Tubular Carcinoma of the Breast: A Clinicopathological Analysis of Two Cases


Tubular Carcinoma (TC) of the breast, also known as tubular carcinoma or well-differentiated adenocarcinoma, is defined as a special type of breast cancer consisting of well-differentiated tubular structures with excellent prognosis by WHO (2019) pathological and genetic classification of breast neoplasms. Two cases of breast tubular carcinoma admitted to our hospital were reported. The relevant literature was reviewed and the clinical features, histological morphology (microscopic features and differential diagnosis), molecular changes and clinical prognosis were summarized.

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Zhang, T. , Su, D. , Liang, C. and Huang, J. (2022) Tubular Carcinoma of the Breast: A Clinicopathological Analysis of Two Cases. Advances in Bioscience and Biotechnology, 13, 499-506. doi: 10.4236/abb.2022.1311034.

1. Case Presentation

1.1. Case 1

A 50-year-old female patient came to our hospital because of her 10 years of backache which worsened in 3 months. Lumbar computed tomography (CT) showed spinal disc herniation. She also brought her three-year-ago mammary ultrasound to other hospitals, which suggested bilateral breast hyperplasia and a right breast cyst that were considered BI-RADS 2. Our physical examination found no obvious mass in the right breast, but palpable granularity in the outer upper quadrant of the left breast. So we went over mammary ultrasound again, this time it revealed a lesion located in the right mammary gland at 9 o’clock, about 4 cm from the nipple, single, elliptical, 0.8 × 0.6 cm in size. The mass was hypoechoic, ill-defined, irregular, and rich in blood flow. The other lesion on the left breast was about 1 cm from the nipple at 10 o’clock. The lesion was single, hypoechoic, ill-defined and had sparse blood flow. Ultrasound diagnosis is right breast lesion, nature undetermined, BI-RADS 4b; left breast lesion, hyperplastic nodules, BI-RADS 3. Bilateral breast lesions are considered cysts. No abnormal enlarged lymph nodes in the bilateral axilla. Ultrasound-guided puncture biopsy of breast mass was performed and sent to pathology.

1.2. Case 2

A 40-year-old female patient presented with a history of breast lump one week ago in the right breast. On examination, her breast surface is smooth, with no dimpling and venous engorgement, no peau d’ orange appearance, and no fissuring, fungating and eczema seen. Nipples were normally located bilaterally. She doesn’t complain of any symptoms of chills, fever or dyspnea. Ultrasonography revealed a single lesion beside the glands of the right breast at 10 o’clock, shaped oval, 0.6 × 0.6 cm in size, with the hypoechoic area, unclear boundary and strip flow signal. Ultrasound diagnosis is right breast lesion, nature undetermined, BI-RADS 4a. No abnormal enlarged lymph nodes in the bilateral axilla. A mammotome biopsy had been taken and the tissue was sent to pathology.

2. Methods

Surgically resected specimens were fixed with 10% formalin, generally embedded in paraffin, sliced and stained with haematoxylin and eosin. Immunohistochemical analyses of 4‑micrometer sections of whole tumour tissues containing in situ and/or invasive regions were performed using autostainers (DakoCytomation), according to the manufacturer’s instructions. All the used antibodies including ER, PR, ERBB2, Ki-67, S-100, P63 and Calponin were from DakoCytomation.

2.1. Imaging Examinations

The tumor tissues of the two cases were basically the same. The tumor tissues were surrounded by a single layer of cells in clear tubules, which were mild in shape and uniform in size. The tubules were arranged in a single row into a well-defined lumen. The volume and nuclei of the cancer cells were small, the nuclei were hyperchromatic, the nucleoli were unclear, the atypia was not obvious, and there was no mitotic figure or necrosis. The tubules were randomly distributed, and the surrounding cancer tissue invaded the normal breast ducts, lobules and adipose tissue. Tumor stroma was mostly dense fibers (Figure 1(a) and Figure 1(b), Figure 2(a) and Figure 2(b)).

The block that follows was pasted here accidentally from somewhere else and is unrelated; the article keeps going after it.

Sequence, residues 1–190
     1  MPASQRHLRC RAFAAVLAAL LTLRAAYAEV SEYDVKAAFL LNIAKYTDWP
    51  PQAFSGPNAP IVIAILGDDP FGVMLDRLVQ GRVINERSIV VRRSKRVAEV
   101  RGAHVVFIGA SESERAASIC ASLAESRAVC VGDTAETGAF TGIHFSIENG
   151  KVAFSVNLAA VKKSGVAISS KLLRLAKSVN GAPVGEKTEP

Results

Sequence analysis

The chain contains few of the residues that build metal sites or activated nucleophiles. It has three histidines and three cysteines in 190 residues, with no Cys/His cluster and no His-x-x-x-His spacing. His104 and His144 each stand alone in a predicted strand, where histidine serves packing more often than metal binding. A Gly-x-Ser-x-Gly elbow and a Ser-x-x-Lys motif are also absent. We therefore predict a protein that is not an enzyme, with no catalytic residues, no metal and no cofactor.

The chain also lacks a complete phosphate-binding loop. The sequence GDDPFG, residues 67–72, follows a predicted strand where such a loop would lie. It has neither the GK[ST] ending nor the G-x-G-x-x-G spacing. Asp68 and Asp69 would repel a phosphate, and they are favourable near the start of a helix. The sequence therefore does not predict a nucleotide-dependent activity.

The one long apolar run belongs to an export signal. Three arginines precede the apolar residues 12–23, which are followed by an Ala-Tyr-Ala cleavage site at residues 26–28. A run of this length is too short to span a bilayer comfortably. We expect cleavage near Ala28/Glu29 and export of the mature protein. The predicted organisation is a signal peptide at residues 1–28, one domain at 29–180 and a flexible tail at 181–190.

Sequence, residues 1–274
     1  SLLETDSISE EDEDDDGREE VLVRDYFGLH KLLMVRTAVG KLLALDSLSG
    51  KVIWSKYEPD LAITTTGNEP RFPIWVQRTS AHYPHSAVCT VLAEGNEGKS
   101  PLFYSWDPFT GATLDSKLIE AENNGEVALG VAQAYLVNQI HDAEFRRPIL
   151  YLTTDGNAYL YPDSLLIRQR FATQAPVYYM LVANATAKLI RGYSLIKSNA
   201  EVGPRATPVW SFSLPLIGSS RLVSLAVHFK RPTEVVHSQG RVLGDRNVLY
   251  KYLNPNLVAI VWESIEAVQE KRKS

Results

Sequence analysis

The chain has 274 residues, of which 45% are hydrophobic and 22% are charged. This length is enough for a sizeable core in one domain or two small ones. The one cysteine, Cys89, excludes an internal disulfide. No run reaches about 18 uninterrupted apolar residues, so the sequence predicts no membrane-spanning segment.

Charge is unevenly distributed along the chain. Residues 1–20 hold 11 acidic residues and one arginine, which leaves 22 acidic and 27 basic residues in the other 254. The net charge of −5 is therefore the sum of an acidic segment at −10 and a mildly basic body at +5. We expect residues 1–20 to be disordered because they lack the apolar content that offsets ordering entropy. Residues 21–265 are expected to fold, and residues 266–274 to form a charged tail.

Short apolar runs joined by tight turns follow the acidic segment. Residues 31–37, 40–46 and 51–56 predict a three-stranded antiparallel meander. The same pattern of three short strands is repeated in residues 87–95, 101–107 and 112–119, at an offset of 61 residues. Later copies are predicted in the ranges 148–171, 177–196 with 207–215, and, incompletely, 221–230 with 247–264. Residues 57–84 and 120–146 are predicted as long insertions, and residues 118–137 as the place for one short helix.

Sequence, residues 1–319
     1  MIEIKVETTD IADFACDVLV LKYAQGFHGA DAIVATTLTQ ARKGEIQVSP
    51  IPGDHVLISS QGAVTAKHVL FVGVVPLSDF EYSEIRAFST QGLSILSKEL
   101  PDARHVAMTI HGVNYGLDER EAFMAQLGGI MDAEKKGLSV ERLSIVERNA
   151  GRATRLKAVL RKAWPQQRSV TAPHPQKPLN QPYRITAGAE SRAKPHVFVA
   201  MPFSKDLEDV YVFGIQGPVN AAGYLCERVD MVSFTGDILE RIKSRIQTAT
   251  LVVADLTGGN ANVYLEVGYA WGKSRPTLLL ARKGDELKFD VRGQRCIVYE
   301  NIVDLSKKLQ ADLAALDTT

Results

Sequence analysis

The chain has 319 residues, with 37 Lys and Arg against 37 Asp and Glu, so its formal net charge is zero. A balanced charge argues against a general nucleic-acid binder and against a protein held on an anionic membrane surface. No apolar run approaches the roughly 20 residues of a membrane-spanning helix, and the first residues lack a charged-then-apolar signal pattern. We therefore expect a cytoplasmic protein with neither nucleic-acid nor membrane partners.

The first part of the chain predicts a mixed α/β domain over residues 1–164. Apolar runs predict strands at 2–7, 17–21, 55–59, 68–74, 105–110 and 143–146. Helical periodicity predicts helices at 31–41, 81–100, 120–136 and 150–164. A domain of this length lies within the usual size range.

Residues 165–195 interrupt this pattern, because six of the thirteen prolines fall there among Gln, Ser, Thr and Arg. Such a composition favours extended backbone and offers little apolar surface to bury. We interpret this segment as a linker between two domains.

2.2. Immunohistochemical Analysis

The nucleoli of the tumor cell stained diffusely positive for the presence of Estrogen (ER) and Progestogen (PR). The presence of Ki-67 was about 2% - 4%. On the other hand, Herceptin-2 (Her-2) and S-100 was negative, P63, Calponin showed no myoepithelial surrounding the cancer nest (Figures 1(c)-(f), Figures 2(c)-(f)).

Figure 1. Case 1: Histopathology of tubular carcinoma of the breast. (a) The ductal epithelium of the breast (blue arrow) was surrounded by tubular carcinoma (black arrow) with an invasive growth pattern. (b) Neoplastic tubules are small to medium in size, with open lumen and pointed at one end, described as teardrop-shaped. The tubules are lined with a single layer of epithelium, which are mildly dysplasia, not obvious nucleoli, and mitosis is rare. The tubules have no surrounding epithelium. (c)-(d) Tubule cancer cells with diffuse positive ER and PR (black arrows). Ductal epithelial cells were mottled positive for ER and PR. (e)-(f) Negative P63 and S-100 surrounding tubule cancer cells indicate the absence of myoepithelial cells (black arrows). Positive P63 and S-100 surrounding ductal epithelial cells indicate the presence of myoepithelium cells (blue arrow).

Figure 2. Case 2: Histopathology of tubular carcinoma of the breast. (a) Invasive growth of tubule carcinoma (black arrow) around ductal epithelium in breast tissue (blue arrow). (b) Neoplastic tubules are small to medium in size, with open lumen, pointed at one end, described as angular edges. The tubules are lined with a single layer of epithelium. The epithelial cells are without overt cytologic atypia, the nucleoli are not obvious, the mitosis is rare. (c)-(d) ER and PR were diffusely positive in tubule cancer cells (black arrows), while ER and PR were patchy in ductal epithelial cells. (e)-(f) Negative P63 and S-100 surrounding tubule cancer cells indicate the absence of myoepithelial cells (black arrow). Positive P63 and S-100 surrounding ductal epithelial cells indicate the presence of myoepithelium cells (blue arrow).

3. Discussion

3.1. Diagnosis

3.1.1. Clinical Features

This type of cancer is generally considered rare, and if strictly diagnosed according to the criteria, its incidence in breast cancer is lower than 2% [1]. Tubular cancer can occur in women between 23 and 84 years of age, with an average age of about 50 years (often in postmenopausal women) [2], mostly in the outer upper quadrant of the breast, often unilateral, can also be multifocal or bilateral, male mammary glands also occur. Tumors generally grow slowly, so it is called well-differentiated cancer. Most tubular carcinomas today present as untouchable radiographic abnormalities of the breast or incidental findings of breast biopsy due to other unrelated lesions.

3.1.2. Macroscopic General Features

The margin of the tumor was ill-defined and hard. The tumor volume was small, with an average diameter of about 1 cm, and only 4% of the cases were larger than 2 cm [2] [3].

3.1.3. Microscopic Histologic Features